At Hot Chips 32 (2020), Intel is revealing more about the Ice Lake Xeon generation or Ice Lake-SP. The “-SP” is for Scalable Processor which is somewhat fun to know given that this is a 1-2 socket part not the 1-4+ socket parts the “Xeon Scalable” line was named for. We are going to discuss some of the disclosures. We will also update this piece as the HC32 talk happens.
Intel Ice Lake-SP Xeon High-Level
Intel has a nice slide on the Whitley platform. “Whitley” is the codename for the platform that takes Ice Lake-SP generation CPUs.
We are a little surprised to see “10nm+” process technology referenced here. Intel, at Architecture Day 2020, just disclosed they are no longer going to use the “+” and instead use terms like 10nm SuperFin and Enhanced SuperFin.
Here is what the platform looks like in an Intel testbed that we saw at Intel Shows Ice Lake Xeons and Talks Sapphire Rapids and Xeon D.
This is a different platform for Intel. After canceling the Cooper Lake mainstream part, Whitley is a single chip generation platform. You can learn more about the implications in The 2021 Intel Ice Pickle How 2021 Will be Crunch Time. We also have a video on that one:
One of the big new features is a new microarchitecture with the 10nm process and PCIe Gen4 support. Let us get to those features.
Ice Lake Sunny Cove Microarchitecture
We were hoping to get a massive download on the new confidential computing and SGX enhancements in Ice Lake-SP. We expect SGX features will be one of the big SKU stack differentiators in the Ice Lake Xeon era, but perhaps that discussion will happen later. Instead, we have some other details around the Ice Lake-SP. Those details center around the Sunny Cove microarchitecture. If it feels like you have seen Sunny Cove before on STH, that is because we covered it in Intel Sunny Cove Microarchitecture Details almost two years ago. Also, last week at Intel Architecture Day 2020.
Some of the new features are a much wider and deeper pipeline with better prefetchers and branch predicters. Intel is also moving to slightly larger 1.25MB L2 caches. We do not expect when L3 cache details are out that Intel will match AMD EPYC 7002 “Rome” levels of L3 cache. Intel also is adding new instructions.
Part of the work is to increase the crypto performance of Ice Lake. One of the biggest features of Ice Lake-SP will be its focus on secure computing or confidential computing. As a result, Intel is increasing the cryptographic performance of the CPUs.
Reading into Intel’s strategy here, they are doing a lot more work on this type of enhanced acceleration versus AMD. AMD is more focused on building more cores. Intel is focused on providing more acceleration in its chips.
Something that is interesting here is that the company discussed how much better Willow Cove is versus Sunny Cove on the desktop side with Tiger Lake. We wish Intel used different server codenames.
Intel Ice Lake-SP SoC
Intel is putting a lot of focus on some of the smaller architectural nuances of their new SoC. Intel will be behind on raw core count in this generation, so it needs to show how its cores and chip will be more efficient.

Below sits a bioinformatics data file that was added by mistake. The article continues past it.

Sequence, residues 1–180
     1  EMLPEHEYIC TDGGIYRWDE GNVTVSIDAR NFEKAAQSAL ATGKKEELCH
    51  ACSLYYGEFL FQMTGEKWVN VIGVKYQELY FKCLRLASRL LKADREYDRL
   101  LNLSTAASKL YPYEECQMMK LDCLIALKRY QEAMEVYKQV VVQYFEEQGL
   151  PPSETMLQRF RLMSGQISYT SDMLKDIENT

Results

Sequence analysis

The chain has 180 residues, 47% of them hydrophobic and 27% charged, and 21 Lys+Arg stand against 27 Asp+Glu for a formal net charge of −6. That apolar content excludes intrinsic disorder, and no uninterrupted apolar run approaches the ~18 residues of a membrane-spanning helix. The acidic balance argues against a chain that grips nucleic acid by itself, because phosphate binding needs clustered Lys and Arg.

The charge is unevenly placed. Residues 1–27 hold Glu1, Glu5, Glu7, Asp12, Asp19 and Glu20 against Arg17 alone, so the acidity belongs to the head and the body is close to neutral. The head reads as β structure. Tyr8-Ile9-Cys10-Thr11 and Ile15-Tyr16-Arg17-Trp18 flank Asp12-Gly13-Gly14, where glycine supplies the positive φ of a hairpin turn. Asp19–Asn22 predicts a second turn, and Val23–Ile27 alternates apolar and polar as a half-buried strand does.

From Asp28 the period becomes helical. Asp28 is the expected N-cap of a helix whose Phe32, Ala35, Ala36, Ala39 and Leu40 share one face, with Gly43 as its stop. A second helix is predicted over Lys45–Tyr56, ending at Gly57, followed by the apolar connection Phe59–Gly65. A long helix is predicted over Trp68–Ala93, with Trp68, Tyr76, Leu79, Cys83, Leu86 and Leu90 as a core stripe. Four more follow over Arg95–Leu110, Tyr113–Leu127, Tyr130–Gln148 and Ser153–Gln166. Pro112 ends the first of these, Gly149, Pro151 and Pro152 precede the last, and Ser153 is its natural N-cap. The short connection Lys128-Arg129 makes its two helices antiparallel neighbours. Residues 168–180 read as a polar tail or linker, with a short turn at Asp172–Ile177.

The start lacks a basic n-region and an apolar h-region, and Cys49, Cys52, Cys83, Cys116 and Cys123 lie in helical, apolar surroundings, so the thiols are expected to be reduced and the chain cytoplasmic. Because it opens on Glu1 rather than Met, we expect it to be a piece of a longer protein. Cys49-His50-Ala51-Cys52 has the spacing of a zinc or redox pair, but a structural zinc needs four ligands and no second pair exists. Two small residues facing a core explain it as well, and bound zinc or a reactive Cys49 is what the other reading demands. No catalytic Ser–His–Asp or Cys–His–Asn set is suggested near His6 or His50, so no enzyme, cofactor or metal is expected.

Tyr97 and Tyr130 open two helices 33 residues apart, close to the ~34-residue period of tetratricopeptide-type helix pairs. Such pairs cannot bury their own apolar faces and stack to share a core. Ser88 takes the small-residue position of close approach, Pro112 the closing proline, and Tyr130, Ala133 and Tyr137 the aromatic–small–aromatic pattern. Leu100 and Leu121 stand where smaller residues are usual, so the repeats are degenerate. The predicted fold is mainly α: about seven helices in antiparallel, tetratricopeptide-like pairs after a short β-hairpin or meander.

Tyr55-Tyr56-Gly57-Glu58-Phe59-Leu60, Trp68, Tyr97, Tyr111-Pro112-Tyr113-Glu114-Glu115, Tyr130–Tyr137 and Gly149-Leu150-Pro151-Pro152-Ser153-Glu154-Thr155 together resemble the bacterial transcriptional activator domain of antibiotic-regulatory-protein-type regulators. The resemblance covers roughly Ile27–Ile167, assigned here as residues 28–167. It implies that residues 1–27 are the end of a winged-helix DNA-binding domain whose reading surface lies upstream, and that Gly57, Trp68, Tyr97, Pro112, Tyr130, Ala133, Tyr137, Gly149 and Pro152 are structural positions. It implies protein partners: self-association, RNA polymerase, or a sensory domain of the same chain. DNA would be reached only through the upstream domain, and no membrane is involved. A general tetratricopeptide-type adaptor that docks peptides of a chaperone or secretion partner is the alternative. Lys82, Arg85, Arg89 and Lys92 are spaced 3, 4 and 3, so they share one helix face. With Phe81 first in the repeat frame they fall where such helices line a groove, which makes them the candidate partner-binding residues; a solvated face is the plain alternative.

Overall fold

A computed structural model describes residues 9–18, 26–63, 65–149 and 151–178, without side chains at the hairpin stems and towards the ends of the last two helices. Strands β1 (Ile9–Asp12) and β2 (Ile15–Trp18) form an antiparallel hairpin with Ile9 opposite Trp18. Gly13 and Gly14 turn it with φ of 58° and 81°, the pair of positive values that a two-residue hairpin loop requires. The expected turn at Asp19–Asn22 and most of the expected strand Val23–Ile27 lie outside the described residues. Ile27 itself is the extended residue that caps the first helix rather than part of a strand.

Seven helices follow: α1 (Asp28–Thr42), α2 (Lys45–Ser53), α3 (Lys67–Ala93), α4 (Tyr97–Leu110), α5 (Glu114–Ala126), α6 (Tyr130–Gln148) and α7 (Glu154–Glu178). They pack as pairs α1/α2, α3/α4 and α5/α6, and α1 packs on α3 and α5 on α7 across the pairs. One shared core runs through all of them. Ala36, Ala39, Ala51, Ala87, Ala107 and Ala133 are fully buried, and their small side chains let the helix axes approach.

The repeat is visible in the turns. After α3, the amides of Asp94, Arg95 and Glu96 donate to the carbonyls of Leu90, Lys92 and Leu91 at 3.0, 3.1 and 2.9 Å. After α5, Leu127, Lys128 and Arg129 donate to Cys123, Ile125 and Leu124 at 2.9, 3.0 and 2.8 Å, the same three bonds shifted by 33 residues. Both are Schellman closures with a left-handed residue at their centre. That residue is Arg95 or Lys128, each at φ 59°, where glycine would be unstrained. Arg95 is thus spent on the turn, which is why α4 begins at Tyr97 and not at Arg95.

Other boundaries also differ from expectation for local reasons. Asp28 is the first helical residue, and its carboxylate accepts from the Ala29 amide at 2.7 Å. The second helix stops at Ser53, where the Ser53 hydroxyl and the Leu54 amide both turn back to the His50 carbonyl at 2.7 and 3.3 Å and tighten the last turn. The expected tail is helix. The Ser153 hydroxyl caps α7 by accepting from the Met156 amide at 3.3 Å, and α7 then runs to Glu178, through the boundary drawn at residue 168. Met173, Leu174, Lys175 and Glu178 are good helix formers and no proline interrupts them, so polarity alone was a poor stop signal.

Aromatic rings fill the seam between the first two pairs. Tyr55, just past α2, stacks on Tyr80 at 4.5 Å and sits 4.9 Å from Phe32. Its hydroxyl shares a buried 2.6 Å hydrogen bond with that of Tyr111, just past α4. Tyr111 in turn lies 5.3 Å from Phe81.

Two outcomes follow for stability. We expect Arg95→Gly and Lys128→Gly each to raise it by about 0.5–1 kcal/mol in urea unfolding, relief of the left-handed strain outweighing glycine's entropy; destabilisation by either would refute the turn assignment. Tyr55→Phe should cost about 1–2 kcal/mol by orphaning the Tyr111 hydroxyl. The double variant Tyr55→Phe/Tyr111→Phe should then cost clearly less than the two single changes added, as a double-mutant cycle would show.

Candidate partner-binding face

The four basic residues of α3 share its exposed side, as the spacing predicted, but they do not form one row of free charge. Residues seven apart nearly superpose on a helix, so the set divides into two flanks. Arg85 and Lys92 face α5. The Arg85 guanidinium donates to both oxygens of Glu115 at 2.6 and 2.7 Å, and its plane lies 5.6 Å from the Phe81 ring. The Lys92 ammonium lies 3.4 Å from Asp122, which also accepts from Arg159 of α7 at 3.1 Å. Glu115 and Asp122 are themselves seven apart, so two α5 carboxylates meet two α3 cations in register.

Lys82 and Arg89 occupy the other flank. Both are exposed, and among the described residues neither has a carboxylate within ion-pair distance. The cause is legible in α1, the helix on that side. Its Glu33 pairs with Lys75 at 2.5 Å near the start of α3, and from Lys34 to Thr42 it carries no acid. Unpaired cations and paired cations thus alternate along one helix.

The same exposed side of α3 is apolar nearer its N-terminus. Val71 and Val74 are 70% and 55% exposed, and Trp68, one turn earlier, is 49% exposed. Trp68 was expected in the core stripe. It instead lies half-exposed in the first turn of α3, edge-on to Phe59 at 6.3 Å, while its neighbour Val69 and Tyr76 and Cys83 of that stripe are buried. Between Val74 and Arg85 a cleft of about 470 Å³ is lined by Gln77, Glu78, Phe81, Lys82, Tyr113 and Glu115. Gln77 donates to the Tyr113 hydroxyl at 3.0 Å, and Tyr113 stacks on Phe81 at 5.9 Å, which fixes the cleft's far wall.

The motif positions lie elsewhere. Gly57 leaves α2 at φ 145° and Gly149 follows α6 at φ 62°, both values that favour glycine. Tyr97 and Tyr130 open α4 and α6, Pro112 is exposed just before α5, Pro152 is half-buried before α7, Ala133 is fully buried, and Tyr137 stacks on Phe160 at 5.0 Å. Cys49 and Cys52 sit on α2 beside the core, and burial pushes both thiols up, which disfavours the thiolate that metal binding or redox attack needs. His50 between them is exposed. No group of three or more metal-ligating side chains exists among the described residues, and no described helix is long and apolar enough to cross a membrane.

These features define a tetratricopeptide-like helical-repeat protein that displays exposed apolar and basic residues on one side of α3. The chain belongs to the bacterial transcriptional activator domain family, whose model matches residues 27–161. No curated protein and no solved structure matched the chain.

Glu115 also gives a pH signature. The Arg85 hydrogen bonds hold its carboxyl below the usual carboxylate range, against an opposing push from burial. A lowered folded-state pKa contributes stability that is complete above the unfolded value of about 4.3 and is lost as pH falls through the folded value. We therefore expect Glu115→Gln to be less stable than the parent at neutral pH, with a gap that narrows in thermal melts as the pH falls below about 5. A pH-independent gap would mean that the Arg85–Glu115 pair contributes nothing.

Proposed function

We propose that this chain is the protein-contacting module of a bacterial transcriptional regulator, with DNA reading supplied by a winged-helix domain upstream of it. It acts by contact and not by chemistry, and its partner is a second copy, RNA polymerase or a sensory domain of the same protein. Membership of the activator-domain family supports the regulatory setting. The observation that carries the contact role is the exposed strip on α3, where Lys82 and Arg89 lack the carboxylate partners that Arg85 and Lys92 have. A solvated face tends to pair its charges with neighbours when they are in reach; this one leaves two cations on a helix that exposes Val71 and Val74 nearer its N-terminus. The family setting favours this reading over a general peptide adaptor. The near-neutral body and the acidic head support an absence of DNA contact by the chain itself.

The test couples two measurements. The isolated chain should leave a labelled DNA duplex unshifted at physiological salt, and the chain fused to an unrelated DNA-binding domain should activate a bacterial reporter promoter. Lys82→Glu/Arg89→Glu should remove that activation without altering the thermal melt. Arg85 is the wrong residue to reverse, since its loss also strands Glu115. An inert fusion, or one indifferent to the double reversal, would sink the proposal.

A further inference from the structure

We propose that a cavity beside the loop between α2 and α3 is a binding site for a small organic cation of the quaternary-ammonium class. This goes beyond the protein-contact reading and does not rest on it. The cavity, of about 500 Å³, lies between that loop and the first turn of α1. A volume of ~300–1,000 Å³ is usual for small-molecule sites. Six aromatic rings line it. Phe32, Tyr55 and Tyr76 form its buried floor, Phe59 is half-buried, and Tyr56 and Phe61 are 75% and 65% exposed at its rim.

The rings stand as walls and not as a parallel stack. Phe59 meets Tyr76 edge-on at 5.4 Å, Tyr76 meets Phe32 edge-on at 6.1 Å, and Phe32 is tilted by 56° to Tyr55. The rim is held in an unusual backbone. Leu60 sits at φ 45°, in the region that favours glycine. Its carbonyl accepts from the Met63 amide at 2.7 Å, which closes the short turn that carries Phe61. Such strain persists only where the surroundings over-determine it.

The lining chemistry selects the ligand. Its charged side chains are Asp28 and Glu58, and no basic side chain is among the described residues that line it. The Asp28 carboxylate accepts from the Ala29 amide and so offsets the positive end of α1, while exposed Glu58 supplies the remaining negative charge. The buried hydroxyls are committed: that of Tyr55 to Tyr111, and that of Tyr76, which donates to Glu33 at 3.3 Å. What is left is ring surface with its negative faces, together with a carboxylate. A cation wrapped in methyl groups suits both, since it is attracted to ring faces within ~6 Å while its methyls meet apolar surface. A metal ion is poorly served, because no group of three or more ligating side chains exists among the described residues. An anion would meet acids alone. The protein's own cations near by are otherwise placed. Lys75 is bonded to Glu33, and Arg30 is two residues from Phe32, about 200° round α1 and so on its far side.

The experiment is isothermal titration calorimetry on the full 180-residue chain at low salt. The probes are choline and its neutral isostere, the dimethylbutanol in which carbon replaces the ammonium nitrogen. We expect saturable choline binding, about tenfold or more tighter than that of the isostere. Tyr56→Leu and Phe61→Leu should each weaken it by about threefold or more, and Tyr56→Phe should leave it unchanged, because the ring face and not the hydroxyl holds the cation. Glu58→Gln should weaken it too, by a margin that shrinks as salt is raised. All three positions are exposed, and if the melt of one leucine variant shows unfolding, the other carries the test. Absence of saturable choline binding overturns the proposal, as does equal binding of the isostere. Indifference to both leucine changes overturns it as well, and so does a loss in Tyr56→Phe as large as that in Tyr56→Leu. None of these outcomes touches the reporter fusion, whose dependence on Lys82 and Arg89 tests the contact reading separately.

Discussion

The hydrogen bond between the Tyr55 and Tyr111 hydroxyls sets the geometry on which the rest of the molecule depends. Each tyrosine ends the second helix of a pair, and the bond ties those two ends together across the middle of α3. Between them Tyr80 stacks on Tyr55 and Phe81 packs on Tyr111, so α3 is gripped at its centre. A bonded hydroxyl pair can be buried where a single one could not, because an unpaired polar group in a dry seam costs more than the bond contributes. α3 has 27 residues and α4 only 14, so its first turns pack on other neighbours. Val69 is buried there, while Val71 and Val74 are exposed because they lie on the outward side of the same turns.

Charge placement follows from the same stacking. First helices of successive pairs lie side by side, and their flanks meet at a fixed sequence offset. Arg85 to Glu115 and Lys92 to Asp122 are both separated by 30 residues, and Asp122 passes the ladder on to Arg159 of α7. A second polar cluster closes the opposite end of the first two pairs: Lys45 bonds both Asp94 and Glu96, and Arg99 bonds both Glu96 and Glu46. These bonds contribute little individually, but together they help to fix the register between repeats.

We first covered Intel’s switch from a ring to a mesh in The New Intel Mesh Interconnect Architecture and Platform Implications. That remained similar between 2017’s Skylake-SP and 2019’s Cascade Lake-SP, and even to 2020’s Cooper Lake. With Ice Lake-SP, it needs to change. For example, Intel needs to add PCIe Gen4 hops to handle mode PCIe lanes. It is not on this diagram, but to fit 64x PCIe Gen4 lanes, these four PCIe Gen4 controller blocks are likely x16 each.
On the memory side, there are now four memory controllers and thus hops on the mesh instead of two previously. In essence, Intel is moving from 2 controllers x 3 channels each to 4 controllers x 2 channels each with this generation. With this generation, Intel will finally enable Memory Mode for the Optane PMem 200 series that is not available on the Cooper Lake platform. Total Memory Encryption is enabled on this platform which will help Intel catch up with other offerings and provide platforms to be competitive with Google Cloud Confidential Computing Enabled by AMD EPYC SEV when combined with SGX enclaves.
Intel is focusing a lot of effort on their latency and coherence optimizations. This is just a wall of text so we will let our readers simply read these.
Here we have something interesting. Intel gets a fairly large benefit in terms of memory bandwidth for this generation. With 8 channels, Intel gets 33% more just from that. Intel also will move from DDR4-2933 in Cascade Lake-SP to DDR4-3200 in Ice Lake-SP which is over a 9% gain as well. Intel is saying that it gets more benefit than those two sources of additional bandwidth.
Intel is also changing how fast it can change frequencies. By pushing cores to lower P-states the chip can save power.
One of the biggest concerns is that bringing the cores back to ideal operating frequencies often takes several clock cycles which introduces notable latency. Intel says it is addressing that in this generation.
A fairly common case where that clock scaling latency came into play was switching from integer frequencies to AVX-512 frequencies. These cause massive changes in operating frequencies within a core and so there are cases where there would be noticeable latency switching workloads.
Overall, these are some tantalizing details, but Intel is still, for some reason, not going into full disclosure mode as we saw with IBM POWER10 even though that chip is further out.
These are exciting times for sure. Intel needs to get these chips to market to push the industry to PCIe Gen4, but also to remain competitive given how the rest of the ecosystem is moving.